On the Road with Bella Lam
Written By: Tatiana Hayek, JGI Canada Volunteer
Category: From The Field
Following two days of travel, three international flights, a UN helicopter trip and a couple of bumpy car rides, JGI Canada’s Director of Africa Programs Bella Lam finally arrived in the territory of Walikale deep in the forests of the Democratic Republic of Congo (DRC) last September. Over the next five days, Bella visited communities throughout the area despite roads that had been washed out due to recent heavy rains.
Bella was in eastern DRC to monitor JGI Canada’s Delivering Healthy Futures project, which aims to reduce child and maternal mortality rates in 20 villages that border an important wildlife corridor.
By improving access to health care, JGI Canada is building trusting relationships with local communities. In this way, we engage the people we work with in conservation by raising awareness about the importance of protecting the ecosystems villages depend on. Educating communities about family planning also helps reduce human population growth and associated demands for natural resources. Building healthy communities promotes healthy habitats and wildlife populations.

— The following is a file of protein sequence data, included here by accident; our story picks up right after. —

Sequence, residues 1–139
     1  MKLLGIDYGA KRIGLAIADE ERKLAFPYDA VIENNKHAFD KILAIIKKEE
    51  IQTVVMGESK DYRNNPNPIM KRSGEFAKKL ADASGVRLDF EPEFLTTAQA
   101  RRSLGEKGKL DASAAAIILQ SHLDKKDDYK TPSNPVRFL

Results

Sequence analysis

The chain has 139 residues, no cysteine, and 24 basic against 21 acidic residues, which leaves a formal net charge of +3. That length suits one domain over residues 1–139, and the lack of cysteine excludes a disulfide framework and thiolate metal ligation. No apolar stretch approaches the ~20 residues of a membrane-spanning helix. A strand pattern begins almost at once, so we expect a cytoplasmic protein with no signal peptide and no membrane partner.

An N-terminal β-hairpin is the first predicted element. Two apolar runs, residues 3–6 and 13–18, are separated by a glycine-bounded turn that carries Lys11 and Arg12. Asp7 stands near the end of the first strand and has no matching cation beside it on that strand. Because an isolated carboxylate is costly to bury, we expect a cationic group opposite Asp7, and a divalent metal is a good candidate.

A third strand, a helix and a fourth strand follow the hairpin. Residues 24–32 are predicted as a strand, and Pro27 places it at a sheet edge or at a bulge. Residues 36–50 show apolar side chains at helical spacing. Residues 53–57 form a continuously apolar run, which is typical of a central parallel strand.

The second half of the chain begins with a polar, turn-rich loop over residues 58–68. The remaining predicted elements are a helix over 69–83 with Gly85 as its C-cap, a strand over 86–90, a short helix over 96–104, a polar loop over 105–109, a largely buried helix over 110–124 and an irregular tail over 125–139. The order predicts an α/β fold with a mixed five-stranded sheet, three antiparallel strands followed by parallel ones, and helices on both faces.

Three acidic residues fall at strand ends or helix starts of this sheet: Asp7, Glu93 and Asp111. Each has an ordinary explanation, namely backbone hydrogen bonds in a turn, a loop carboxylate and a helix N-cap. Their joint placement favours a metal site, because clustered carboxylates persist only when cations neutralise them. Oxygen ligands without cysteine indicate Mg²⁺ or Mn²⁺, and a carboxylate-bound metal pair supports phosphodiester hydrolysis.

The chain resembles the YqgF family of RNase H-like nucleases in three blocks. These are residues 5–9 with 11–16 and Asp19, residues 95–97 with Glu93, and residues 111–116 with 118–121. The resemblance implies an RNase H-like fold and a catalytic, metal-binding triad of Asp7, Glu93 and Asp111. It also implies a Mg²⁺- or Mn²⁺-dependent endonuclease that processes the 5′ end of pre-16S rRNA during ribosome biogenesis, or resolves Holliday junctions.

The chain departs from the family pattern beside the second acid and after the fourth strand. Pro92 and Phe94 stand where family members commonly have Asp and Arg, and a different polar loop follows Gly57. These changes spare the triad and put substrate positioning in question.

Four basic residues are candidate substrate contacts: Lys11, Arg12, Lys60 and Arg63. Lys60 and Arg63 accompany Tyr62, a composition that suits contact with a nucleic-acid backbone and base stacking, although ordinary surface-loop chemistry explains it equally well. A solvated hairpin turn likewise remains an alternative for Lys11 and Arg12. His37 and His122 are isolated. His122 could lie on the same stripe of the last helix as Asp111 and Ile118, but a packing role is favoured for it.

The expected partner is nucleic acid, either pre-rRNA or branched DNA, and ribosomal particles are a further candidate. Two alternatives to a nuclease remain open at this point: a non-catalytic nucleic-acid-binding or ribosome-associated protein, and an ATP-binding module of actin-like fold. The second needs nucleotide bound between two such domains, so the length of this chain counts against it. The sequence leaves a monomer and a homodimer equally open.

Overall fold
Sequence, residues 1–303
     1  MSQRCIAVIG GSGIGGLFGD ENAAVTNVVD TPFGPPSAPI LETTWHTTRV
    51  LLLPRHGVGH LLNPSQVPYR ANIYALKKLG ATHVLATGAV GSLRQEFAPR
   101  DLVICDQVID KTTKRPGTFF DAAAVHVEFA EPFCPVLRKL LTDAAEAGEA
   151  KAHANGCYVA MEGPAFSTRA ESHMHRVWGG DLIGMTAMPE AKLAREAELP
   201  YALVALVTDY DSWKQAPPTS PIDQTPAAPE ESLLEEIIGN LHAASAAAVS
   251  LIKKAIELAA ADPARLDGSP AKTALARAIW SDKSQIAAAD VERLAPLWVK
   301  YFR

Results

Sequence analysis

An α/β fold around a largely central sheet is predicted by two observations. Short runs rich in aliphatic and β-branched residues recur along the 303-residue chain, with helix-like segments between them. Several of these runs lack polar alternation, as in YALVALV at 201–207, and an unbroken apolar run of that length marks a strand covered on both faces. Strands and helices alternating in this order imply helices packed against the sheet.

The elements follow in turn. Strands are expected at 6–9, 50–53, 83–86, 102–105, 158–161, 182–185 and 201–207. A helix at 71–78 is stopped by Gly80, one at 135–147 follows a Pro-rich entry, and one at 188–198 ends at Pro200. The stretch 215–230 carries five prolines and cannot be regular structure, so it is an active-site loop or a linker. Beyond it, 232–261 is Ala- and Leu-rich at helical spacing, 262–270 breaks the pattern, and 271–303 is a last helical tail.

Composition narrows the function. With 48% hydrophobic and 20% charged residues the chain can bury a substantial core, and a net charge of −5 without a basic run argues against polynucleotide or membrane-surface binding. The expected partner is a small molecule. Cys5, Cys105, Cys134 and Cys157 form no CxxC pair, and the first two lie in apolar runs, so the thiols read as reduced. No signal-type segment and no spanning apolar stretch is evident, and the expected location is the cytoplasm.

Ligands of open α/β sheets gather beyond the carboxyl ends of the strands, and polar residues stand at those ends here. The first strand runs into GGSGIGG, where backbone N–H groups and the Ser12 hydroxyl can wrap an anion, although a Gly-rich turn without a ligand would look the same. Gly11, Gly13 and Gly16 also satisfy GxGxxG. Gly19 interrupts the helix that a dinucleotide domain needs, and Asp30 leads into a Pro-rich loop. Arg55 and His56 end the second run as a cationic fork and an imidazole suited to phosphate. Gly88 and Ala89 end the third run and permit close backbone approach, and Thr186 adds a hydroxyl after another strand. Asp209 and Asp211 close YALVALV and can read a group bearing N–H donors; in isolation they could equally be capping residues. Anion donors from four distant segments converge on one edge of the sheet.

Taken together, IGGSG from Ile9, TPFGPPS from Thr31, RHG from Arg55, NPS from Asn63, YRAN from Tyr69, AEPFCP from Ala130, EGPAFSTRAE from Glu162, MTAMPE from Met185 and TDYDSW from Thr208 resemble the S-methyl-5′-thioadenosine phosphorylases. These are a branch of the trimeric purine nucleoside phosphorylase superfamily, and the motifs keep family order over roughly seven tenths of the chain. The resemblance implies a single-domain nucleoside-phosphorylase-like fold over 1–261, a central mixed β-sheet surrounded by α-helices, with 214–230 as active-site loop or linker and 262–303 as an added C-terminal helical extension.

But these goals aren’t achieved overnight. Two years into the four-year project, Bella traveled to the DRC to check on progress to date, speak with local communities, and plan for the future. In each village, Bella headed for the community’s health centre to meet with staff eager to talk about project plans. Existing local health facilities often serve more patients than they can manage, and are lacking basic supplies and sanitation. Consequently, we are building seven new maternity wards that will be fully stocked and have access to clean water. During Bella’s trip, local contractors broke ground for three of the new maternity wards. People living in the area were so encouraged by this development, they formed groups to help make bricks for construction.
Education and public outreach are also important in building healthy, sustainable communities. Local volunteers are being trained in maternal health and family planning to provide support to the rest of their community.
One woman Bella spoke with Valerie, mother of 3 children living in the village of Mukwanyama and is pregnant with a fourth child, who explained that after learning more about family planning, she realized the importance of child-spacing for the health of both mother and children. She also determined that her family cannot provide for any more children. However, she cannot access birth control without her husband’s permission. Part of our outreach efforts is shifting the conversation about family size so that it includes men and allows for women to have a say in such decisions.
Over the next two years, more maternal wards will be built and, we will be rolling out a new vaccination campaign, which aims to ensure that infants in even the most remote areas receive life-saving vaccines.
Learn more about Delivering Healthy Futures and how saving people, saves chimps.